Dangers of Microwave Food

Woman holding microwaved food

There is no evidence to support claims that there are dangers of microwave food to your health when you follow safety guidelines. However, further research could validate the current expert opinion that, though exposure to high levels of microwaves can injure your tissues, they do not cause harmful effects on your food.

Cooking With Microwaves

Microwave energy heats and cooks food indirectly by vigorously agitating the water and other molecules in food, causing them to vibrate quickly and generate heat or thermal energy. There are ongoing myths and questions about adverse effects of microwaves on food.

Effects on Food Molecules

Without supportive evidence, some authors claim that, in addition to the heating effect, microwave cooking has a "radiation effect" on food. The myth is that microwave cooking fragments, "violently destroys," and transforms food molecules into toxic, cancer-causing substances.

There is no evidence for this "microwave radiation effect" on food, according to a World Health Organization (WHO) review. Food "does not become 'radioactive' " when cooked in a microwave, nor does it retain microwaves when you turn off the oven.

In addition, although there are dangers of additives and preservatives in prepackaged, microwave foods, there is no evidence that microwave cooking transforms these chemicals into toxic substances.

Effects on Food Nutrients

There are also questions about depletion of healthy food nutrients during microwave cooking. However, a Harvard Health review states that there is no evidence that microwaving food decreases its nutritional value. In fact, compared to conventional cooking, microwaves cook food quickly in little water, so there is less chance for destruction or leeching of vitamins and minerals into the water. There is also little evidence that nutrients are lost if breast milk or infant formula is heated in the microwave.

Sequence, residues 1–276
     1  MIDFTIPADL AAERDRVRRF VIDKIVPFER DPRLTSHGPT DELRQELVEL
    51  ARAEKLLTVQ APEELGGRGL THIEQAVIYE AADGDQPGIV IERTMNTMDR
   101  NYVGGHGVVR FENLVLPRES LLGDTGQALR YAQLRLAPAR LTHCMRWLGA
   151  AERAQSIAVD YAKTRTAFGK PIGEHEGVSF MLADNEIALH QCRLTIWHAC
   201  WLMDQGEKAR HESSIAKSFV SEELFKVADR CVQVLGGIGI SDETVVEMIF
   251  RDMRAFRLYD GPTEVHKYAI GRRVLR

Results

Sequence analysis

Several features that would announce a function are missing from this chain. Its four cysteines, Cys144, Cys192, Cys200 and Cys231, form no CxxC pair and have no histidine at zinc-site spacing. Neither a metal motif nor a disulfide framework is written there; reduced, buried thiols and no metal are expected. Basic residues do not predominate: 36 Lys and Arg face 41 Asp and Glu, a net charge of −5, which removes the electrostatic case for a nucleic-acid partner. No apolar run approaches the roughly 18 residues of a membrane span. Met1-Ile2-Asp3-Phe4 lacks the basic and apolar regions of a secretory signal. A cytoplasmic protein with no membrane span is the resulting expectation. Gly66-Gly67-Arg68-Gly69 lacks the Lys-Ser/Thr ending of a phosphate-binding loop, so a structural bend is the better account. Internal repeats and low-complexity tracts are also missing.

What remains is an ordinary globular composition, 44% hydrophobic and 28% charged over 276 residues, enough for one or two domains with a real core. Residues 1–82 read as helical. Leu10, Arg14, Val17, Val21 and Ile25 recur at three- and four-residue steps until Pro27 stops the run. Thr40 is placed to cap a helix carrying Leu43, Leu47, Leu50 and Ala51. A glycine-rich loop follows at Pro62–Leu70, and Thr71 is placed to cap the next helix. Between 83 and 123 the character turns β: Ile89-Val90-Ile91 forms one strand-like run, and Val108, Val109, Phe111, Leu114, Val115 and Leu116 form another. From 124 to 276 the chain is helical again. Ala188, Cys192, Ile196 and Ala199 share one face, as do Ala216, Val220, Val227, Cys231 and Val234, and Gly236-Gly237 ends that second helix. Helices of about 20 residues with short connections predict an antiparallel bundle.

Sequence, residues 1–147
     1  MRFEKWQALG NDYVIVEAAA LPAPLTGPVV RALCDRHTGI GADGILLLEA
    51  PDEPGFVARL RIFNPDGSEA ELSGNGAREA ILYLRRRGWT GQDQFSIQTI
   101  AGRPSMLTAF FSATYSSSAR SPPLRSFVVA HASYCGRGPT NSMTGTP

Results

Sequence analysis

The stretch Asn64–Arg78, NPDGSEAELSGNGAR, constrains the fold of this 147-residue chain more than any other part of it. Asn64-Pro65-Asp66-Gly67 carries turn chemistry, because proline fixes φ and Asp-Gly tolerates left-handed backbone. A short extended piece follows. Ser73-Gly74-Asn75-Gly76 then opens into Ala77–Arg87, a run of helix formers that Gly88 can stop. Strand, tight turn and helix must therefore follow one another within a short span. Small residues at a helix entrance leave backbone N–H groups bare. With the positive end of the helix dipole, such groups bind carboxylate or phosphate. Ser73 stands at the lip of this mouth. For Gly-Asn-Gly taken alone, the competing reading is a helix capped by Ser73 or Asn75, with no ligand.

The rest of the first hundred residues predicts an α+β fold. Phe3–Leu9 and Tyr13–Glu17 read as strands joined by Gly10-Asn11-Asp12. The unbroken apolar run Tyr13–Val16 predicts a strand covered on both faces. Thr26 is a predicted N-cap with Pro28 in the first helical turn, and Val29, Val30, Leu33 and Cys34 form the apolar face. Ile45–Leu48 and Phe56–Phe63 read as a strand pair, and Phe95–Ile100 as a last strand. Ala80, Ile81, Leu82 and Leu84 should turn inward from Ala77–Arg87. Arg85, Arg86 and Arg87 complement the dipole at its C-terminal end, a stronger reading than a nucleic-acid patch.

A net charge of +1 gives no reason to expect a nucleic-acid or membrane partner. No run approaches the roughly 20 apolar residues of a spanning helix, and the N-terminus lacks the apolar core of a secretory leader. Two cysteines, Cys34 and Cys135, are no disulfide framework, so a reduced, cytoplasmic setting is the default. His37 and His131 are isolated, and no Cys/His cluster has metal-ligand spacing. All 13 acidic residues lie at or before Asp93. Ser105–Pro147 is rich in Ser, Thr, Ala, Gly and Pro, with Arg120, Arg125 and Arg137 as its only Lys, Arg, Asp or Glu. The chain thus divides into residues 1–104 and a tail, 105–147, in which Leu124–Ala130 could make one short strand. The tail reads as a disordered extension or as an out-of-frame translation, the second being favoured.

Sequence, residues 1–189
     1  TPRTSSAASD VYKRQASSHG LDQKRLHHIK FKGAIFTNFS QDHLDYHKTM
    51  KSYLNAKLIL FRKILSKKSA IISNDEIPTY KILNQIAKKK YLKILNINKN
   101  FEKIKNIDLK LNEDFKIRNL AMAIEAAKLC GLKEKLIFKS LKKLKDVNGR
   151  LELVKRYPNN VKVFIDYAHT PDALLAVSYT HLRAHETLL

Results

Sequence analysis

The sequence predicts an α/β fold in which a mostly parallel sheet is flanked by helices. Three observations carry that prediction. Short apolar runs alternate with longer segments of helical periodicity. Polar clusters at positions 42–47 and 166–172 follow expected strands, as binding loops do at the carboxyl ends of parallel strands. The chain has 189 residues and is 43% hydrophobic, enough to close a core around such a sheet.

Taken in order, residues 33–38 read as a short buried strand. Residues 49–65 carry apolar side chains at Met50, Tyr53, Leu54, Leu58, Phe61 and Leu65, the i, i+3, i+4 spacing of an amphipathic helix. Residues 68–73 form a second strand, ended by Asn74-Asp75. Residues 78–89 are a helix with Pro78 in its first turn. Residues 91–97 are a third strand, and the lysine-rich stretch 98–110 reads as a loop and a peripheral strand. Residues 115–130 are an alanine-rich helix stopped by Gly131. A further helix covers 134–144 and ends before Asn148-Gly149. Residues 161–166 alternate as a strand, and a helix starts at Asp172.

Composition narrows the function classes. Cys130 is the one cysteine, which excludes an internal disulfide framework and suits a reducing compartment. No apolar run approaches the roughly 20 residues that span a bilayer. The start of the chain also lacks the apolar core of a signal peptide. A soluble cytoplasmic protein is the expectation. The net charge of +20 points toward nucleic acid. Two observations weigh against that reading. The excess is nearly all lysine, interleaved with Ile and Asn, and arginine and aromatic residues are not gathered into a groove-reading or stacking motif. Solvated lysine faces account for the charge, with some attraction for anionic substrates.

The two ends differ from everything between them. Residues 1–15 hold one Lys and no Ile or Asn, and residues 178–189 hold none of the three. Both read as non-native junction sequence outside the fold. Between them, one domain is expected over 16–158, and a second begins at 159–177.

Dangers of Uneven Heating

Microwaves generate heat in the outer layers of the food first, which then transfers the heat to the inner parts of the food. Thick foods and foods with less water heat up more slowly, and some foods can cook unevenly. According to the WHO review, uneven cooking can cause the following problems:

  1. Undercooked food: Parts of the food may be undercooked when you remove it from the oven. This presents the danger of consuming unkilled bacteria if the thick foods are not allowed to "rest" to distribute heat evenly before eating.
  2. Random hot spots: Uneven heating can create random hot spots within the food that you might be unaware of. These spots can burn you if you eat food immediately from the oven. This is of particular concern for the potential to burn an infant's throat if his milk is heated in the microwave.
  3. Super-heated spots: Super-heated hot spots can be present in liquids that don't appear to be boiling on the surface but erupt when you introduce a spoon or other object, causing severe burns.
  4. Food explosion: Certain foods such as hot dogs and eggs that cook unevenly and can't vent steam can explode in the oven and potentially cause injury.

Effects on Food Containers

Microwaves do not heat the food containers directly but do so indirectly by transfer of heat from the hot food. Containers can overheat and burn, so it is important to understand the following:

  1. Pre-packaged food containers: The containers that pre-packaged microwave food comes in are regulated for microwave safety by FDA standards. Unless they burn in the microwave, there should be no danger of leeching chemicals into foods. Don't reuse these containers for any microwave reheating or cooking.